The construction of the bowl is a very sturdy plastic. It is resistant to scratching but is particularly vulnerable to hard crystals like salt. After marring my bowls a few times I've started to add salt slowly to wet mixtures only while it is running. This will keep it from splashing up the sides and allows it to dissolve. If you do get some salt on the sides you can pulse it a few times to wash it back down. Worse case is just to add a little more salt to make up for any lost on the sides. Rinse the salt off the bowl with water before doing any scrubbing when cleaning. Whatever you do don't use the silicon spatula to scrape salt granules off the sides of the bowl.

This food processor is great for making dough. It will not bog down. It is also great for shredding and slicing. Freezing soft ingredients will greatly extend what you can slice or shred in this food processor. A frozen block of mozzarella is a breeze to shred. Put cubes of meat in the freezer until very firm and then slice it with this food processor for stir frying.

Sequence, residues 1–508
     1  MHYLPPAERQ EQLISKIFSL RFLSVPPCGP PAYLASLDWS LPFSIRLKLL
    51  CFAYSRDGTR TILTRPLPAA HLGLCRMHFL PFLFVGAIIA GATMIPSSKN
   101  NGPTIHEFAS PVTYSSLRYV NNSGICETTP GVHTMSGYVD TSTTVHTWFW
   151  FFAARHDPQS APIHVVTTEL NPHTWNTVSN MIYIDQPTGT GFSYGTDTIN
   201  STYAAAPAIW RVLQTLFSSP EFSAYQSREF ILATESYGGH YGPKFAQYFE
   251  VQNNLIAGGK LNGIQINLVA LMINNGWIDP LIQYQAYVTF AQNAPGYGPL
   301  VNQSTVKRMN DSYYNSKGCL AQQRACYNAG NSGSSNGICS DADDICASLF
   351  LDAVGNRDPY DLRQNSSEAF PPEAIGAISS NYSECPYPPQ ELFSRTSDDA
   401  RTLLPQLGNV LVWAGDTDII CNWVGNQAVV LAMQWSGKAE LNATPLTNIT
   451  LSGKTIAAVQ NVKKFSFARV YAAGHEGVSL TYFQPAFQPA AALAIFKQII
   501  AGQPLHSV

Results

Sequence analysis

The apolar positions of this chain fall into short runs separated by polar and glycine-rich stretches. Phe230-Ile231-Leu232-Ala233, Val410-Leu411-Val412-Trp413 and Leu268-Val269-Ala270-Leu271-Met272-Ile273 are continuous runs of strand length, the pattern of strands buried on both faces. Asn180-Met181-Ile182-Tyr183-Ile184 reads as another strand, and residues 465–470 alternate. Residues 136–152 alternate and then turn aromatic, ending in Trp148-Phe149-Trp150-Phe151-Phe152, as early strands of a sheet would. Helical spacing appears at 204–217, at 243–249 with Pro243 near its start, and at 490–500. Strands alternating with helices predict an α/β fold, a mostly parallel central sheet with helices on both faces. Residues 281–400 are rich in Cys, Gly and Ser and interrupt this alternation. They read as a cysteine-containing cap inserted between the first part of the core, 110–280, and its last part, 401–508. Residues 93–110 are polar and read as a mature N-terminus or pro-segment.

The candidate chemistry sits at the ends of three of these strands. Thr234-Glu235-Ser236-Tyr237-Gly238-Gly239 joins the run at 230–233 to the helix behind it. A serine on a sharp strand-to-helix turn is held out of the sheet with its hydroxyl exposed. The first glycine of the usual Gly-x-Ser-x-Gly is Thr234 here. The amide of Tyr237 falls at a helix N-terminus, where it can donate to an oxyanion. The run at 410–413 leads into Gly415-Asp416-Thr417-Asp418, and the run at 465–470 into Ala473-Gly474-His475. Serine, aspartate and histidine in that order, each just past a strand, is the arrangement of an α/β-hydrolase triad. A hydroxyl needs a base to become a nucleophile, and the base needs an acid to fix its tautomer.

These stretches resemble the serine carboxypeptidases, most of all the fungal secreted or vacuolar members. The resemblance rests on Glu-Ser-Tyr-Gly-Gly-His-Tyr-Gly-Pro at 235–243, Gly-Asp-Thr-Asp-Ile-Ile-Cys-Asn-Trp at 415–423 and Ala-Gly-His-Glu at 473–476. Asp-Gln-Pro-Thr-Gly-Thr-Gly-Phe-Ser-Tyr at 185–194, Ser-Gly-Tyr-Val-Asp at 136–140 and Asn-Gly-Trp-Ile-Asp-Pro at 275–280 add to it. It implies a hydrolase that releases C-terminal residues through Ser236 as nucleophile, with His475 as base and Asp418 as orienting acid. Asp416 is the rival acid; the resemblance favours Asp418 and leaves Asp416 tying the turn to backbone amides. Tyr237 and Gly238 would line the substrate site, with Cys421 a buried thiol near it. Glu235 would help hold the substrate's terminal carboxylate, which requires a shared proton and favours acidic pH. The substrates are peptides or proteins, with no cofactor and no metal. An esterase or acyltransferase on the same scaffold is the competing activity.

There is a certain amount of waste created when using this food processor. The steel chopping blade pulverizes more than it chops. A lot of waste liquid is created from all the smashing. Don't expect this to dice a tomato better than you would by hand. It is more of the nature of food processors and convenience than a flaw in design of this unit. If you are wanting to divide vegetables at a molecular level buy a professional-level ceramic chef's knife at the same price instead.

The stainless steel slicing and grating blades have two "finger holes" for holding the blades. They are handy and all, but they create an annoying flaw. Unprocessed chunks of food will fall through the holes and into your product. The food processor creates beautiful shredded carrots but there will be large chunks of raw carrots mixed throughout. This happens when the tail end of the carrot slips through one of the two gaping finger holes. I would gladly give up the finger holes to not have to sift through 12 cups of shredded carrots.

I almost gave this Cuisinart food processor a 3 out of 5 because of the finger holes and lid cleaning quirks. I appreciate how well made it is that I have learned to deal with the quirks. I really do love the food processor. I find any ridiculous excuse to use it. Just need to slice a couple of button mushrooms? Wait right there, I'll get the food processor!
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Comments

Tracked by 4 customers

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Showing 1-10 of 10 posts in this discussion
Initial post: Mar 7, 2011 3:54:01 PM PST
Rdiazrivera says: